MCC Hosts Coproduction Sessions at 2016 National Climate Science Center Student and Early Career Training

November 2-3, 2016

In November 2016, a National Climate Science Center Student and Early Career Training was held at the University of Massachusetts Amherst. Our Manager Climate Corps team chaired the development of two knowledge coproduction training sessions and facilitated them at the event, which included panel presentations and small group break out discussion that linked to Alison Meadow’s (Center for Climate Adaptation Science and Solutions) keynote talk on knowledge coproduction. For more details on the conference, you can check out their conference booklet.

Goals of the National Climate Science Center Student and Early Career Training:

  • Encourage broadly relevant skills related to climate science and the co-production of science;
  • Showcase research and tools that have been funded by USGS through the CASC network since the onset of the program five years ago; and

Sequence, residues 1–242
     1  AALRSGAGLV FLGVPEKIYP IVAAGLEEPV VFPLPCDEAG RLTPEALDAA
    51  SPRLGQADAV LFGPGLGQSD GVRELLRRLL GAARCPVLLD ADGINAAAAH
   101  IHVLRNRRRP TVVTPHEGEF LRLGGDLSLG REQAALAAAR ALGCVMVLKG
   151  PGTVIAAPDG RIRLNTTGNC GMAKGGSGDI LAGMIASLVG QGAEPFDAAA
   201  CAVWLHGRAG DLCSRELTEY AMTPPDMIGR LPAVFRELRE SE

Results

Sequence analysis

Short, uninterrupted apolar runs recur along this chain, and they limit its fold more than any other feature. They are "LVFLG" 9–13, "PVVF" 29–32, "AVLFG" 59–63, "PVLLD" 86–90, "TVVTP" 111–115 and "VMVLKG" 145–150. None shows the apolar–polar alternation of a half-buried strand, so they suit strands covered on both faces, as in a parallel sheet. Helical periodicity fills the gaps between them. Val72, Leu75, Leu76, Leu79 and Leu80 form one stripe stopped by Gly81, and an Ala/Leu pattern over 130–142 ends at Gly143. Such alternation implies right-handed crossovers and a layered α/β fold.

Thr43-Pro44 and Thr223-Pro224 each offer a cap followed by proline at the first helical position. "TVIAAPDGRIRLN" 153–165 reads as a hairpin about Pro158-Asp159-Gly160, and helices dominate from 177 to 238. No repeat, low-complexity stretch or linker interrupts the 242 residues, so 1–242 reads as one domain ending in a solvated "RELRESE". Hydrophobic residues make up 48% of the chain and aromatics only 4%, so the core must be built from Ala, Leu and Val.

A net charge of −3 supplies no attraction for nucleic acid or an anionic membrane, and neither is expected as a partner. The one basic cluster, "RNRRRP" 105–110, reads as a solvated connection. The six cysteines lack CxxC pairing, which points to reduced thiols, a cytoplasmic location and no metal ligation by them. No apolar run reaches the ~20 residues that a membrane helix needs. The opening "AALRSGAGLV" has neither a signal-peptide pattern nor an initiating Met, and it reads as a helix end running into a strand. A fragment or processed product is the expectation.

• Provide opportunities for early career scientists to network with and learn from each other, scientists, and stakeholders, as well as contribute ideas toward future directions of the CASC enterprise

In the first afternoon session, the MCC program was highlighted as an on-the-ground example of a knowledge coproduction program and an effective method for increasingly connecting interdisciplinary university research with local communities and natural resource manager networks toward actionable science products. The second session will stimulated fellows to actively and collaboratively engage the process of knowledge co-production (KC) according to the diverse skills and experiences within each small group.

Round table discussions addressed these 5 basic questions:

  1. Who are the stakeholders your group would like to address (e.g. what scale do they interact with natural resources and communities?)
  2. Who are the knowledge producers you would like to involve?
  3. How will you engage the stakeholders and develop iterative reciprocal interactions between knowledge producers and stakeholders?
  4. How will you establish long-term relationships between stakeholders and knowledge co-producers?
  5. How can we stimulate “rewards” to increasingly incentivize KC networks and longer term thought/action toward community resiliency and adaptation?